Partridge Boswell & Jessamyn Smyth

Thursday, June 5, 2014, at 7:00 pm, poets Partridge Boswell and Jessamyn Smyth will continue the seventh season of the Collected Poets Series. Mocha Maya’s Coffee House, 47 Bridge St, Shelburne Falls, MA. ($2-5 suggested donation)

Partridge Boswell

Partridge Boswell

A longtime arts advocate, Partridge Boswell has served at the vanguard of cultural activities in northern New England as director of several regional performing arts organizations. Co-founder of Bookstock: The Green Mountain Festival of Words and managing editor of Harbor Mountain Press, Boswell lives with his family in Vermont. His poems have been featured recently in such publications as The American Poetry Review, Slice, and The Literary Review. His collection, Some Far Country, won the 2013 Grolier Discovery Award.

Jessamyn Smyth

Jessamyn Smyth

Jessamyn Smyth’s Kitsune was a winner in the New Women’s Voices Series of Finishing Line Press (2013). Her poetry and prose have appeared in Red Rock Review, American Letters and Commentary, Nth Position, MiCrow/Full of Crow, Wingbeats: Exercises and Practices in Poetry, and many other journals and anthologies. She has received honorable mention in Best American Short Stories (2006) and several nominations for the Pushcart Prize, and is the recipient of fellowships, scholarships, and grants from the Robert Francis Foundation, Bread Loaf Writer’s Conference, and many others. Jessamyn is Editor in Chief of Tupelo Quarterly, the founding Director of the new Quest Writer’s Conference, and is visiting faculty in Humanities at Quest University in Canada.

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AND PIGS MAY FLY / Partridge Boswell

—for Michael Hayes

I’m boarding my flight home from the heartland,
overflowing with hope for humanity and grace of good
people I’ve met, when the red-cheeked man in front of me
tries to stuff his oversized duffel into an overhead bin.
Unremarkable in itself, except the crumpling resistance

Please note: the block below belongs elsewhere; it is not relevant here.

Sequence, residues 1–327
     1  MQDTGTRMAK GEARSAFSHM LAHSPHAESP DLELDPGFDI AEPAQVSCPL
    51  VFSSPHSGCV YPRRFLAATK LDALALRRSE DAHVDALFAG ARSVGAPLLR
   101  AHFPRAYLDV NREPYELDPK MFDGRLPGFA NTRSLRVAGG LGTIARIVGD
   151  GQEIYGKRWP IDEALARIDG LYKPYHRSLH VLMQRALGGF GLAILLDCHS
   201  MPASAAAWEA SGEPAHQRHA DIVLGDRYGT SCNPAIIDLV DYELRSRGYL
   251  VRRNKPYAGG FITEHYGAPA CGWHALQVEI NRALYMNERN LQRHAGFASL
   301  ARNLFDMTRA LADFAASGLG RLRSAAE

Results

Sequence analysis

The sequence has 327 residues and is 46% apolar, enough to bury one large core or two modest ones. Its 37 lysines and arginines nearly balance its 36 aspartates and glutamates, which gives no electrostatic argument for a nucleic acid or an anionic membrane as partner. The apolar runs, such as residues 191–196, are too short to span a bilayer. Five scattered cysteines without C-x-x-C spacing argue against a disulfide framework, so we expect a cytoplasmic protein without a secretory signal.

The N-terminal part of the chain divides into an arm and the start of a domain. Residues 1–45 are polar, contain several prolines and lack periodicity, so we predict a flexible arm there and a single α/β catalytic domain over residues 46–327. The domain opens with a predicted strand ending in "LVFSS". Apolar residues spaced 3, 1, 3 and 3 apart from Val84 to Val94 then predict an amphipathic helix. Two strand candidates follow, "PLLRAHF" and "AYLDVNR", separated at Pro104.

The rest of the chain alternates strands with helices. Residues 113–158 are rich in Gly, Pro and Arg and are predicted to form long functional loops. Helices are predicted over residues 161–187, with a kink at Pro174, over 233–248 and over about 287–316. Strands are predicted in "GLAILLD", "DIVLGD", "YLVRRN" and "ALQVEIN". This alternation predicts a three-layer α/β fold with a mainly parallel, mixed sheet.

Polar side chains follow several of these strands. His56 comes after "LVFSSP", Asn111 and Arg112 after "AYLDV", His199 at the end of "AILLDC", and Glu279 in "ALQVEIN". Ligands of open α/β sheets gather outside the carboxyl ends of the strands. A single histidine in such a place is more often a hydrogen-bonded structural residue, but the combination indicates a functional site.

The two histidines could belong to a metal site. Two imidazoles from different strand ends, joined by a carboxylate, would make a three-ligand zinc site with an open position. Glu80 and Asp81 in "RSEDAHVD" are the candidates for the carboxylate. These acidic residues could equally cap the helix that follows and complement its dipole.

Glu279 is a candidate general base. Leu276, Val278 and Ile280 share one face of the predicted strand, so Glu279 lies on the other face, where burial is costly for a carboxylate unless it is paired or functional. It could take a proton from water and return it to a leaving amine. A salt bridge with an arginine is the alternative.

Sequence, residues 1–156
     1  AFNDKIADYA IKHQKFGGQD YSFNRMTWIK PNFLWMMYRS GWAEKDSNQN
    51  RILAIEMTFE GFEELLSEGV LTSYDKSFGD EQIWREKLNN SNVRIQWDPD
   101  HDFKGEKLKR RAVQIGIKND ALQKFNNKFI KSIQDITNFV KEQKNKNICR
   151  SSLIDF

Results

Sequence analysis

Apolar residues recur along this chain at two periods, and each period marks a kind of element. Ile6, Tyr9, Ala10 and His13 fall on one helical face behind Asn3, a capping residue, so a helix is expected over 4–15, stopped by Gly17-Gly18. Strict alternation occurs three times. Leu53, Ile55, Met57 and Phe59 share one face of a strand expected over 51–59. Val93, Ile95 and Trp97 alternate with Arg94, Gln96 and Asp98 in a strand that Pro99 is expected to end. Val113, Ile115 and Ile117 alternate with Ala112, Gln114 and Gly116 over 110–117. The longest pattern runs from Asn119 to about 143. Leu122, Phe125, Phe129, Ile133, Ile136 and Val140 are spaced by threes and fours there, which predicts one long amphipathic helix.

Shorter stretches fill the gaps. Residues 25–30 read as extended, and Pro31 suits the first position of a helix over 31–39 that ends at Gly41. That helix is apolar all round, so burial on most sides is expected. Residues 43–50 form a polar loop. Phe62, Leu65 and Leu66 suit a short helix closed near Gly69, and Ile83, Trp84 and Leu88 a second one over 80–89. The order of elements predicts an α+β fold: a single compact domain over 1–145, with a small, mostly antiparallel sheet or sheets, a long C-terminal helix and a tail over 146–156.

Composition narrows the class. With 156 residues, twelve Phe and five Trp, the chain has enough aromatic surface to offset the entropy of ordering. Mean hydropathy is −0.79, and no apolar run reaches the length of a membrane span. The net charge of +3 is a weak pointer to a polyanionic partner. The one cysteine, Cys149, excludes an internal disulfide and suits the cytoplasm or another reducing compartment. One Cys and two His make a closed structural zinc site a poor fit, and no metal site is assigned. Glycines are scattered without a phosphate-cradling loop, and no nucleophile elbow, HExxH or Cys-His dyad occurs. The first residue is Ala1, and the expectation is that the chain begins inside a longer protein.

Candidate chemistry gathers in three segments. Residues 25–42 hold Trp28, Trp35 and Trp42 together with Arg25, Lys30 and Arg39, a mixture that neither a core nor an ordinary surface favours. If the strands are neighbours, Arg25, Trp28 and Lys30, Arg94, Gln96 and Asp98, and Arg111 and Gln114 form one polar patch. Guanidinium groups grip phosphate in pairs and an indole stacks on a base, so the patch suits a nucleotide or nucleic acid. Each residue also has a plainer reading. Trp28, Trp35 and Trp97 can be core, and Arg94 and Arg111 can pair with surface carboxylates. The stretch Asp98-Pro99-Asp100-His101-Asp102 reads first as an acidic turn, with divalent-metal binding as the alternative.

he’s experiencing belongs to the couple beside me—
their garment bag with wedding clothes now being
squashed to the size of a shriveled carnation. Rather
than seek the nearly empty compartment next to theirs,
he removes the couple’s bag and hands it to them,
saying it sure would help him out. Incredulous, she lays
their wardrobe’s wrinkled remains under the seat in front of her.
Not as if this is a big flight either, where individual motives and
ordinary desperation can skulk in a stuffed tin turkey of nerves:
just a crop hopper between Columbus and Cleveland.
Airborne, I gaze at the farmers’ neat patchwork where once
Shawnee sat on bare ground expecting an apology
and got the opposite from Mad Anthony Wayne. What will
it take I wonder—a heart attack, losing someone close—
to bring the minutiae miles below into focus, for him
to reach for his rip cord and realize he’s chute-less
with the ground coming up fast.
“I’m just lookin at gate numbers to see where I gotta go,”
he announces to no one in particular as we taxi to the terminal,
as if his were the sole connection, our reason for traveling—
to keep him company and his airfare low, smile at his impunity
the way one regards a basket of severed hands of Congolese
rubber slaves. I unbuckle and haul my own carryon out
from under his seat, the dry aftertaste of contrition like salted
nuts on my silent tongue. Why didn’t I speak up? I could have
said something, or from my vantage plagued him for forty-five
minutes, imitating with the tip of my pen a reconnoitering fly
landing on the white heliport of his head. At the very least
I could have winked—a mute solidarity for the woman
next to me and her husband who, seconds before the cabin
door opens, whips out a Playboy and begins reading.

(Originally published in Rattle. Used with permission of author.)

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SWEET ALICE TRAIL / Jessamyn Smyth

Sweet Alice begins in pears, and ends in pears:
gnarled and lovely, cut back hard, an orchard
grown sideways against blue, Bare Mountain
hovering. It’s better not to know who she was.
Histories. Whole lives. Carried across rough timber
bridges, clubmoss striations, to lose hold of them
in the forest. To fall away and dry on the ground,
lightweight now, a pear-shaped husk, gold and fragile.
This desiccation is sweet: it’s heartsease in hollows,
blue-green lichen. A shadow-striped doe, silent.

(from Conservation Areas. Used with permission of author.)

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